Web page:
A Guide To CCW Positions
There are a number of CCW positions, or the spots on the body where one carries a handgun. There are a few classic positions for concealed carry and they've stayed popular for good reason. Each has benefits and drawbacks and every person's shape is different, so the one that will work best for each individual is something they'll have to discover on their own.
One will have to experiment to find the balance of concealment and comfort when concealed carrying.
The Classic: On The Hip
The classic carry position is on the hip. It's kind of a default and for good reason: it's easy and it works.
Obviously, the on the hip position puts gun and holster directly on, forward or rearward of the hip. Often, people will refer to the carry position by clock position; directly on the hip is 3 o'clock, between that and the kidneys is 4 o'clock, kidney carry is the 5 o'clock position and the 2 o'clock position is forward of the hip.
The uber-classic among them is the 3 o'clock position. It's the most natural and very easily concealed, especially when carrying with IWB holsters or high-riding OWB holsters. Granted, it's also very popular for open carry as well. Intuitively, it's very easy to carry a gun in that position and train with it.
However, the grip will more easily print at this position, especially when one sits or bends over. Employing a steeper forward cant - say the FBI cant of around 15 to 20 degrees - can mitigate this effect.
Some will find carrying rearward of the 3 o'clock position - say in the 4 o'clock to 5 o'clock (aka kidney carry) position - more comfortable. (This can especially true of those who have a little more of them to love.) Concealability can get a little more complex as well; pistols with long grips print very easily. Steep forward canting of a holster can, just as in the 3 o'clock position, mitigate that effect. Drawing while sitting is difficult with a straight drop, but easier with forward cant.
Sitting with a gun carried in an IWB holster can be less comfortable for those carrying behind the 3 o'clock position, as one can easily sit on their gun carrying in this manner. Drawing while sitting is problematic at best.
Appendix carry is where the pistol is carried on the front of the waistband. Where in this area a person wishes to carry is up to them; some prefer closer to the pocket and others prefer to move it further inward. Some also prefer to appendix carry on the weak side for a cross-draw.
Appendix carry has become somewhat more in fashion in recent years as more holster companies have begun making purpose-built holsters for it. Not everyone is a fan, though. One of the disadvantages is the danger posed by an accidental discharge; the muzzle is pointed at the upper thigh region. Not only is there a danger posed to certain areas that are very sensitive, there is also the chance of wounding the femoral arteries, which can very easily be fatal.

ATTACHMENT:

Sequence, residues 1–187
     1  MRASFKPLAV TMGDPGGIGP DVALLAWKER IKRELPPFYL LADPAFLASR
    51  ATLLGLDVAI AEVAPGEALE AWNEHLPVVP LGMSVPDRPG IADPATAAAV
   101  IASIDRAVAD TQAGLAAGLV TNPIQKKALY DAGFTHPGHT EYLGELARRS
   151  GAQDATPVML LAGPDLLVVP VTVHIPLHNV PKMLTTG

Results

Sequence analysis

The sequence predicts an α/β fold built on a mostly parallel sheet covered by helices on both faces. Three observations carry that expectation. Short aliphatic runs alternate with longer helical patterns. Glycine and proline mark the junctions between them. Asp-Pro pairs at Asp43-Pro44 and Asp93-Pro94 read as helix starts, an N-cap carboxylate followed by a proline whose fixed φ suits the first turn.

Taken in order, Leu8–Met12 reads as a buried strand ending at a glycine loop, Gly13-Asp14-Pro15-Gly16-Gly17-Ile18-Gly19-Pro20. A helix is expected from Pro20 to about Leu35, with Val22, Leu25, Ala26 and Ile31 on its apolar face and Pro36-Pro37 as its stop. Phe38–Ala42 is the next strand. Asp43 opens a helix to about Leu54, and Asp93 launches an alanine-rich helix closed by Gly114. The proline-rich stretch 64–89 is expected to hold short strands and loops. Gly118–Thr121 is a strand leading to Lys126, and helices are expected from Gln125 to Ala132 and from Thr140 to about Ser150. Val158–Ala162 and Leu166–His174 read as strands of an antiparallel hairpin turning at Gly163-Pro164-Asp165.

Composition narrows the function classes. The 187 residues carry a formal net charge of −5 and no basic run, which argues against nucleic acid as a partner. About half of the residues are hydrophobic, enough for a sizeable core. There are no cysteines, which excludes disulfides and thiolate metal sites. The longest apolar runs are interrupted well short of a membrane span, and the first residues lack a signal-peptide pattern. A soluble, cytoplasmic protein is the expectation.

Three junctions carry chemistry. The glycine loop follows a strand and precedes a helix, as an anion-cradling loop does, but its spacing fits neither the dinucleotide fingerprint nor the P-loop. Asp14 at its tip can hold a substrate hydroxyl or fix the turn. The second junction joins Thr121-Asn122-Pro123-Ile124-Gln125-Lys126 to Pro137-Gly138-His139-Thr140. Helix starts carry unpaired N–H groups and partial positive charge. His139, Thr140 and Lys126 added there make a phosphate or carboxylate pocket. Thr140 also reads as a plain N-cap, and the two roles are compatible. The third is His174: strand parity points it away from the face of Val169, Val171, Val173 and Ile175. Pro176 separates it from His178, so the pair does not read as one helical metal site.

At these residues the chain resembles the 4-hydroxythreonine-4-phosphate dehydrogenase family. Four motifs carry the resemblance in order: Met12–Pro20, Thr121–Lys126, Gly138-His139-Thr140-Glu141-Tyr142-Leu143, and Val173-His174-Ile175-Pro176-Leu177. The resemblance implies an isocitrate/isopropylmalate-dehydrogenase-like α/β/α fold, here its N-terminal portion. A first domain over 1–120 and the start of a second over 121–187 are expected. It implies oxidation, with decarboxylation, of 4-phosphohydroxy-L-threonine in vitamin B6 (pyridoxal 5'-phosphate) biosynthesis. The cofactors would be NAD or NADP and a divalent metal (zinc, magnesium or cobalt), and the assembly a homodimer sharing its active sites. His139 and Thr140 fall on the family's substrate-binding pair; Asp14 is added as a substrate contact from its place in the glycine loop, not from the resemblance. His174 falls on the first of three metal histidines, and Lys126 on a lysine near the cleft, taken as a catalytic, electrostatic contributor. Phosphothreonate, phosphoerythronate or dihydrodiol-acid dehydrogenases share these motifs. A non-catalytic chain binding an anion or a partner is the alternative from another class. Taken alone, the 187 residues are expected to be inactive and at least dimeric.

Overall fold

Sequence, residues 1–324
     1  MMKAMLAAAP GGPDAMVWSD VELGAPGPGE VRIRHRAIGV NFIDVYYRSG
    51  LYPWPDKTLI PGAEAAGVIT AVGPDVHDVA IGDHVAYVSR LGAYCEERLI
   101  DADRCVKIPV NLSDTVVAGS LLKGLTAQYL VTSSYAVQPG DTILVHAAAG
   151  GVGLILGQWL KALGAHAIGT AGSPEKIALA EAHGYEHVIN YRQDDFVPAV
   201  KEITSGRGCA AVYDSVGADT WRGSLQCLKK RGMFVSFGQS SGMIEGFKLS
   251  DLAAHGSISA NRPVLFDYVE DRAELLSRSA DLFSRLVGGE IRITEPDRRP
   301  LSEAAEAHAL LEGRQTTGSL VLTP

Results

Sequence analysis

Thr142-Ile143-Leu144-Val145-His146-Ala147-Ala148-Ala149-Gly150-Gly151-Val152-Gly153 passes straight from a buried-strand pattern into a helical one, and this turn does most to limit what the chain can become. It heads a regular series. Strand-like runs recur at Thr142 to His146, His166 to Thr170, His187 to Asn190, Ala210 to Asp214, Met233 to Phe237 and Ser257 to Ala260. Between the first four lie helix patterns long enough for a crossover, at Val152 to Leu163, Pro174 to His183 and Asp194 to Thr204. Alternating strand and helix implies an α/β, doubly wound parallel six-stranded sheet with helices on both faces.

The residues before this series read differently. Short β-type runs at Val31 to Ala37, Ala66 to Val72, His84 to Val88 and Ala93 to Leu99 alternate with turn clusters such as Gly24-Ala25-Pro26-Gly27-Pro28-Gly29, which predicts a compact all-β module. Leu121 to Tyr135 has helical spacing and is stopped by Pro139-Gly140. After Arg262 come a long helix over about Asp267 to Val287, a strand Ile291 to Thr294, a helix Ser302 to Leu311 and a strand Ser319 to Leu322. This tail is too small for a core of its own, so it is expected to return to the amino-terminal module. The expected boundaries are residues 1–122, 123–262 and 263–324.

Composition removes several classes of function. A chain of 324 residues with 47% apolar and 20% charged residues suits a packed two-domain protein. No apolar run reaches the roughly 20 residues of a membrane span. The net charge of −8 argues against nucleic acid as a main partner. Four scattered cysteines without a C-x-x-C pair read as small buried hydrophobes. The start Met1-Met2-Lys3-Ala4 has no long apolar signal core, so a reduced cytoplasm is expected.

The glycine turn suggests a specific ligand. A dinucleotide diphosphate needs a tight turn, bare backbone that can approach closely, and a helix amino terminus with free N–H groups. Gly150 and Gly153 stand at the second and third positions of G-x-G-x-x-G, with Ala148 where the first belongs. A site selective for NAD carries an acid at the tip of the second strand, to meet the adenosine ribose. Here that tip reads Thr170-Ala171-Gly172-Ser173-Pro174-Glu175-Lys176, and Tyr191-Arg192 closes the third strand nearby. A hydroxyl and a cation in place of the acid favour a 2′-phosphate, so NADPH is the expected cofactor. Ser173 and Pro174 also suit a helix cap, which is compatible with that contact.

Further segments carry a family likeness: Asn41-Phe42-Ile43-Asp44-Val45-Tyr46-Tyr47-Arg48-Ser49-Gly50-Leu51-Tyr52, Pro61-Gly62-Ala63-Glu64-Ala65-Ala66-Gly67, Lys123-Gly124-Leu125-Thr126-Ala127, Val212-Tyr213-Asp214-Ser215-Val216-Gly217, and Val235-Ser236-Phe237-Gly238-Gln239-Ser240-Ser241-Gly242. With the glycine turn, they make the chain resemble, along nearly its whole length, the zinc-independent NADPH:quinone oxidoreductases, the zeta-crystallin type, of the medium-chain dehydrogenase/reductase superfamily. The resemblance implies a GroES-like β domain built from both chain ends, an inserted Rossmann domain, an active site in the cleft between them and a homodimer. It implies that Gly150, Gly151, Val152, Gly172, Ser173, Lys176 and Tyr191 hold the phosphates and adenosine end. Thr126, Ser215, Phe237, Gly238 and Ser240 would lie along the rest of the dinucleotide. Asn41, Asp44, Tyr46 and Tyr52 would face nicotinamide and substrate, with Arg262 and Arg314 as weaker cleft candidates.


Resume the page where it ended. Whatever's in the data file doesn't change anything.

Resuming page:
That said, the risk can be drastically mitigated if not obviated entirely by proper handling and employing a holster with sufficient trigger guard coverage.
Despite the above factors making some avoid appendix carry, there are some tangible benefits to the concealed carrier. Appendix carry is one of the best concealment methods; a pistol is often undetectable in anything other than skin-tight clothing.
Additionally, when a concealed carrier draws a pistol, the movement of the elbow can disclose that a pistol is being drawn - except when drawing from the appendix position.
However, appendix carry is not very comfortable for people that have a bit more about the midsection. A gun can easily dig into the flesh, even with a decent sweat guard.
Drawing from a sitting position is also difficult, unless a person happens to wear pants or shorts close to the belly button.
Small Of The Back Carry
The small of the back position, often called the 6 o'clock position, is another wildly popular concealed carry position. It conceals very easily, especially if carried in an IWB holster. However, sitting can get awkward, as one can easily wind up sitting on one's gun. Drawing from sitting can be very difficult indeed, in that instance.
However, this can be gotten around by using a holster with adjustable ride height. Setting such a holster (kind of like an inside the waistband holster) to a more generous ride height can counter this effect.
There are also a number of OWB holsters for small of the back carry, many of which are highly concealable. Some will cant a pistol aggressively for this position, almost to where the slide (or barrel, if a revolver) is parallel to the ground.
Drawing can be slightly more problematic, as drawing from the small of the back may be awkward for some people. A good deal of people will holster a back-up gun in this position, with one's main handgun on the hip. However, a lot of carriers carry at the small of the back for deeper concealment.
These are the most popular of the carry positions. Ankle and shoulder carry also have their devotees, though each presents their own challenges - ankle guns are difficult to get to quickly and many consider shoulder holsters uncomfortable. Also, shoulder holsters are less easily concealed as outerwear is required, without much exception. Ankle holsters likewise can only carry small guns, which is why most people who ankle carry typically holster their backup gun there.
About The Author
Born in southeastern Washington State, Sam Hoober graduated in 2011 from Eastern Washington University. He resides in the great Inland Northwest, with his wife and child. His varied interests include camping, hunting, concealed carry, and spending time at the gun range as often as possible..